When the member for Florey raised a private member's bill to support a replica of the Western Australian 24-hour freeze model, they did not rush out to say, 'This is a great idea. We know we must have missed it since it has actually been happening in Western Australia since 2001, but even though we might have been blinkered and not listened, now that she has done it we think it's a great idea. We would encourage the government to do this.' Not a peep.
When we go through the consultation on the proposal ultimately, as recommended by the Productivity Commission, without excluding the Western Australian model in suggesting that it is completely unmeritorious, again there is absolute silence. The ALP do not come out and say, 'The member for Florey has got it perfectly right. She is spot on. We have to jump into this opportunity.' There had been public statements by me in the parliament and by the member for Florey that she was pursuing this model, and not a peep.
We encouraged the member for Florey to present her model to the Productivity Commission, because it is true that she has been quite tireless in her advocacy for this consumer matter to be dealt with. Since raising the model that she thinks we should pursue, she has been, I think—I hope—respectfully brought into the fold sufficient to ensure that she has been consulted along the way. In fact, she is mentioned in the Productivity Commission report outcome, so I think that has been an important initiative.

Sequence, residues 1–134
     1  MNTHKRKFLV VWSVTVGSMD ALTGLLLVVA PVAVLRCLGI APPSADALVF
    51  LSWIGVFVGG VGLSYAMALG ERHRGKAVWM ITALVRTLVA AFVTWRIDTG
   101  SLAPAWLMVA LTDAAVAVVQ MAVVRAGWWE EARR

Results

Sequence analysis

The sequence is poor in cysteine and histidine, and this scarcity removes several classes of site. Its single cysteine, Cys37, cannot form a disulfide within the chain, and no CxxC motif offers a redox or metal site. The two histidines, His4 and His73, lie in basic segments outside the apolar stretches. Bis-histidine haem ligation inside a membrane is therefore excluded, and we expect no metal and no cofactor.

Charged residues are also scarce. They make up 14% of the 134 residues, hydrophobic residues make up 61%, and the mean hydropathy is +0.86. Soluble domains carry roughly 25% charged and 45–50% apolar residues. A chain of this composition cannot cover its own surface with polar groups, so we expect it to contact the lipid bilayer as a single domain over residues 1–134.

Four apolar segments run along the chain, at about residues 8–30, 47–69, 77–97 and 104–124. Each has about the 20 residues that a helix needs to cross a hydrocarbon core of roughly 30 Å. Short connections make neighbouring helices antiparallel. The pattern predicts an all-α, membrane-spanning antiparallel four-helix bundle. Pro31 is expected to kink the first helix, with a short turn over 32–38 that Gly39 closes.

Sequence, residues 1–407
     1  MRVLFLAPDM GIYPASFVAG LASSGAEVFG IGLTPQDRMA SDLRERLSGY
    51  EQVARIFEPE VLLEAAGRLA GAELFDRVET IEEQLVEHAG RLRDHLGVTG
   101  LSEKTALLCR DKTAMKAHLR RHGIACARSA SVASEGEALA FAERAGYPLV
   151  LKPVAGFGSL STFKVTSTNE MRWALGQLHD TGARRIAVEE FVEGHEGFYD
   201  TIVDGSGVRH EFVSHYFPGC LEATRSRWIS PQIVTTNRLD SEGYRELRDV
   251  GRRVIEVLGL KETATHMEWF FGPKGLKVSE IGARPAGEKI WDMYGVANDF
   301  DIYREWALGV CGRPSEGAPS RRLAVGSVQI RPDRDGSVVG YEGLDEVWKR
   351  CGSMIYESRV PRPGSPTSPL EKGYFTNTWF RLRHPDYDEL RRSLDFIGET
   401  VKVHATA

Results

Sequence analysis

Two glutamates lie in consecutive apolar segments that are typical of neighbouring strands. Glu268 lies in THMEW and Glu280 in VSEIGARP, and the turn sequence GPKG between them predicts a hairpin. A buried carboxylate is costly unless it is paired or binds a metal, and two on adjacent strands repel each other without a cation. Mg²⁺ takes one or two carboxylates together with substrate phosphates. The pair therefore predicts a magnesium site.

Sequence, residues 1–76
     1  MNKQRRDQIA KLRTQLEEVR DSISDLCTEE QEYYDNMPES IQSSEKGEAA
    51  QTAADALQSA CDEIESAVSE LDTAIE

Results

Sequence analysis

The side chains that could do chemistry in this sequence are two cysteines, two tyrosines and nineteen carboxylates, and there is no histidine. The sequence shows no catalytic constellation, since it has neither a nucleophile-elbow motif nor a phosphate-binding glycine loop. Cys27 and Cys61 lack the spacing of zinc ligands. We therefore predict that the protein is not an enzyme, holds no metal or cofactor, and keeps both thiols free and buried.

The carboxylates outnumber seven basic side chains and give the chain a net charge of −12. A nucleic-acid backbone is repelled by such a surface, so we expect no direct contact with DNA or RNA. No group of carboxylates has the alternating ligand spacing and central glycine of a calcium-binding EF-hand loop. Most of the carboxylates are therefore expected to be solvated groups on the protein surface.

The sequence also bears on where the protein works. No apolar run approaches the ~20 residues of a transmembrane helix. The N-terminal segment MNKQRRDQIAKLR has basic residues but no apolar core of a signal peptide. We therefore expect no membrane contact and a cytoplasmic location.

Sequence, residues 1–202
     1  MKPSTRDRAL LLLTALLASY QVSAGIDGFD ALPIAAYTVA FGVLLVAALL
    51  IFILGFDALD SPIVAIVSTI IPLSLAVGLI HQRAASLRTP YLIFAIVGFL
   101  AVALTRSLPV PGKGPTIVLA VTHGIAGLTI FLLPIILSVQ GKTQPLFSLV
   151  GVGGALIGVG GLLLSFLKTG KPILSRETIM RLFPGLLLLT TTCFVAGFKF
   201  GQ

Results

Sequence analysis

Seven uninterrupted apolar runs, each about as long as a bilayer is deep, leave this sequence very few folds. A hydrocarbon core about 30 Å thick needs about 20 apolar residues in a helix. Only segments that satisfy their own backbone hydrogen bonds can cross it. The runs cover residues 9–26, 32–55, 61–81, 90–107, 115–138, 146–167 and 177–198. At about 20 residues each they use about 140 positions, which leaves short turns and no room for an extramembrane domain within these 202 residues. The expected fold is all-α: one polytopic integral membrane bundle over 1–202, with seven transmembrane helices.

Now I hear glowing recommendations by members of the opposition that the member for Florey has not only been a champion of this cause but she has this stellar model which should be, I think, in the member for West Torrens' description, immortalised as being in the genius category. In fact, I was so interested to see the member for Torrens—
The Hon. A. Koutsantonis: West Torrens.
The Hon. V.A. CHAPMAN: —West Torrens' description of how important this model was and how attached he was to it that I thought to myself, 'I wonder if the member for Florey is writing this down to edit it for her next preselection speech.'
Ms Bedford: I don't need to be preselected to think about it.
The Hon. V.A. CHAPMAN: Well, you might be, of course, if you start your own party or something of that nature and you want to be preselected for that. It was just unbelievable listening to that. This is the man who was the architect of her removal from her seat—
Ms Bedford: No he's not. That's untrue.
The Hon. V.A. CHAPMAN: Well, of the Labor right, who has done everything he can to get rid of the member for Florey, yet now I hear ringing endorsement of this genius contribution.
The DEPUTY SPEAKER: Attorney-General, I am anticipating the point of order.